Lessons in Lace
Diane Loesch Jones returned from Europe with packed bags and a plan.
After living in London for 10 years, Diane Loesch Jones arrived back in the States with more than English teas and a slew of Harrods purchases. Her bags were filled with piles of antique fabrics, linens and laces that she’d bought for “literally pennies.” To share those finds with her fellow Bostonians, she opened London Lace (now in the South End), a treasure trove of antique linens, colorful textiles, delicate laces and other souvenirs from her globe-circling travels. Jones is bringing lace back into the design limelight, outfitting windows across the country with her Scottish-imported lace curtains, and proving that the fabric is anything but stodgy.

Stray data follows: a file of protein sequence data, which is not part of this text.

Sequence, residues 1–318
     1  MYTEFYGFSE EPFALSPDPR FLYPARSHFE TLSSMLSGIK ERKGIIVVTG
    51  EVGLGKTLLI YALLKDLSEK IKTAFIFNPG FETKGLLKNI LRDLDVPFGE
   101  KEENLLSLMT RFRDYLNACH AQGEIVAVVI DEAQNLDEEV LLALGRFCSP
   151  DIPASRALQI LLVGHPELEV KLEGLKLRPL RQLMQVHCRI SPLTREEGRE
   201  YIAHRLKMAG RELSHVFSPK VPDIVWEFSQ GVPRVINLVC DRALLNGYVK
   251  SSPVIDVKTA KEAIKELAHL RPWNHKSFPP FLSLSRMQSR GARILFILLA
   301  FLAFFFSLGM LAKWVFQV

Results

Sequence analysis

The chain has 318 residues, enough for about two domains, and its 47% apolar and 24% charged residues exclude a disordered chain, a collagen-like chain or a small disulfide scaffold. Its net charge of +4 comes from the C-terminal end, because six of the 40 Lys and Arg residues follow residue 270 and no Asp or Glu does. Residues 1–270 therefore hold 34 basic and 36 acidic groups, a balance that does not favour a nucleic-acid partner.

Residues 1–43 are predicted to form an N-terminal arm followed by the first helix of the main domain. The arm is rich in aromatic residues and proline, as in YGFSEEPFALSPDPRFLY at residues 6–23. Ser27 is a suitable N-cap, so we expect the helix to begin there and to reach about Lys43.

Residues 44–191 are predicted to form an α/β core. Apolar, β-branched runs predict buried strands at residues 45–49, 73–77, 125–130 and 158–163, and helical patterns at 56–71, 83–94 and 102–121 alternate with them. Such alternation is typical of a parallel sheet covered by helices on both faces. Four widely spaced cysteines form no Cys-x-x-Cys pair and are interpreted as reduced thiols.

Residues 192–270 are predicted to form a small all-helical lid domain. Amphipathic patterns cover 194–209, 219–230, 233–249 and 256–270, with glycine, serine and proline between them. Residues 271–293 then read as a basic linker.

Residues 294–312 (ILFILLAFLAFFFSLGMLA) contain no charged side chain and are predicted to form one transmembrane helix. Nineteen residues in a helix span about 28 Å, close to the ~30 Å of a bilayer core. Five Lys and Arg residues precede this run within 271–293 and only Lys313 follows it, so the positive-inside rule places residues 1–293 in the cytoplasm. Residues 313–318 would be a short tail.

“There’s an image of lace that’s incorrect—that it’s for old people,” she says. “Lace curtains have this image of grandmotherly lace, and they’re not like that at all. They’re not dowdy and stuffy.” The intricate patterns and sheer, translucent quality of her laces make them ideal for window treatments that let in light without losing privacy. Even windows in a contemporary room can benefit from a little lace, Jones says. “You just use one strip of this fabric and that’s all you need.”
Move over, heavy drapes and vinyl blinds—it’s time to reconsider your perception of the age-old fabric and lace up.
LONDON LACE, Boston 617-267-3506, 800-926-LACE (800-926-5223), www.londonlace.com